WAV file format
WAV format is intended for operation with digitalized audio stream. It contains musical compositions, voice recordings, and various audio effects. Developed by programmers from Microsoft and IBM, it is a key format for placing of uncompressed sound files on Windows PCs. The files can be played back in QuickTime, Windows Media Player, Wav Player and some other programs. In addition to that, they can be processed in audio editing apps.
When a file is compressed into WAV, the data are not supposed to be lost, and the quality is excellent. However, the format did not have a huge market share, due to its larger size, as compared with MP3. It is required to have enough time and disc space to upload and send such files via the Internet. One of the major advantages of WAV is linked to the use of Linear Pulse Code Modulation (LPCM) for storage of audio stream. Consequently, a copy is just as good as an original, which is highly appraised by experts in music and professional users.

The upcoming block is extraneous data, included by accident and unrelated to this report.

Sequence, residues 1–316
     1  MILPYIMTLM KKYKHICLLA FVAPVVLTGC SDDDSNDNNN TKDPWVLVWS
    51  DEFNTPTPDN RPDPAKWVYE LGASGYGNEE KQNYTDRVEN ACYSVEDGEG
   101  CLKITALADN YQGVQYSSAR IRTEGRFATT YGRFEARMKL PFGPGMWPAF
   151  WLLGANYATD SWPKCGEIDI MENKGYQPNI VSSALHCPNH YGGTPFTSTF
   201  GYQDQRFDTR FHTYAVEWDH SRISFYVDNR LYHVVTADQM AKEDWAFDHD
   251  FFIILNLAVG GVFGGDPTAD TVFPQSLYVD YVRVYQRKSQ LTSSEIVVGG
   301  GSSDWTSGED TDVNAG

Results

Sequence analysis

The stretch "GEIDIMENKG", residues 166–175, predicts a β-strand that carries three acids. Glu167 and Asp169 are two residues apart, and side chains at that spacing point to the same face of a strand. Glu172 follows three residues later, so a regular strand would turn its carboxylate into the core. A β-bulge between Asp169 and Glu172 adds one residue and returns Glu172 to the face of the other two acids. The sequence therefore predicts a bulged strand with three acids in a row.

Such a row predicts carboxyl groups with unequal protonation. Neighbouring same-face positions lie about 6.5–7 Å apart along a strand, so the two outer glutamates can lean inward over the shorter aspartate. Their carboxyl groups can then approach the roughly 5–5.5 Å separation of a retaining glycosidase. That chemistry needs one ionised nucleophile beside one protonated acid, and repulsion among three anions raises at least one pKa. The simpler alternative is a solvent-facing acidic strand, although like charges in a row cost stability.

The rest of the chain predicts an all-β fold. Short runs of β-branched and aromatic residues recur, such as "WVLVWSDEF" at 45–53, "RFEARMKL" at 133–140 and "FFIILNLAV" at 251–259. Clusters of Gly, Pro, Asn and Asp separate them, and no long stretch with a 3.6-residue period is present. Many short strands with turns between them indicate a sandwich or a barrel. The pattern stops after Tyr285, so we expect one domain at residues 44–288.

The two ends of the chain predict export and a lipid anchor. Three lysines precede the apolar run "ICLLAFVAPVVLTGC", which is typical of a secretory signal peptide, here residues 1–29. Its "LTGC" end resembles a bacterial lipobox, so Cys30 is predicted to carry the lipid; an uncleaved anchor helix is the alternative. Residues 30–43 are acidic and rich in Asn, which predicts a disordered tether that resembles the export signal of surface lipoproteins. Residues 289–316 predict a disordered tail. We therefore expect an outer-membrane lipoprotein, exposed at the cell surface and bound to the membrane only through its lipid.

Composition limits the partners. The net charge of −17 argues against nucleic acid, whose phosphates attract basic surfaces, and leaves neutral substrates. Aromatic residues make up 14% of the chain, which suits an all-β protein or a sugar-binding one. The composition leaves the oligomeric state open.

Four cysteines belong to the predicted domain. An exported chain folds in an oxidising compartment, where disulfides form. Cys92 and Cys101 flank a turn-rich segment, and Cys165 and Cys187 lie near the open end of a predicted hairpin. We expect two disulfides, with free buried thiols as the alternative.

Sound files with this extension are recorded into 8 or 16 bit per sample. A standard option for CD Audio is an audio stream of 16 bit per sample and sampling frequency of 44.1 KHz. One second of sound corresponds to 88 Kb of internal memory. WAV files can store metadata in the INFO chunk, and they also include integrated IFF lists.
In some cases, the standard format may be used for broadcasting. For instance, BBC stereo data of 44 100 Hz and 16 bit are generally accepted within the VCS system.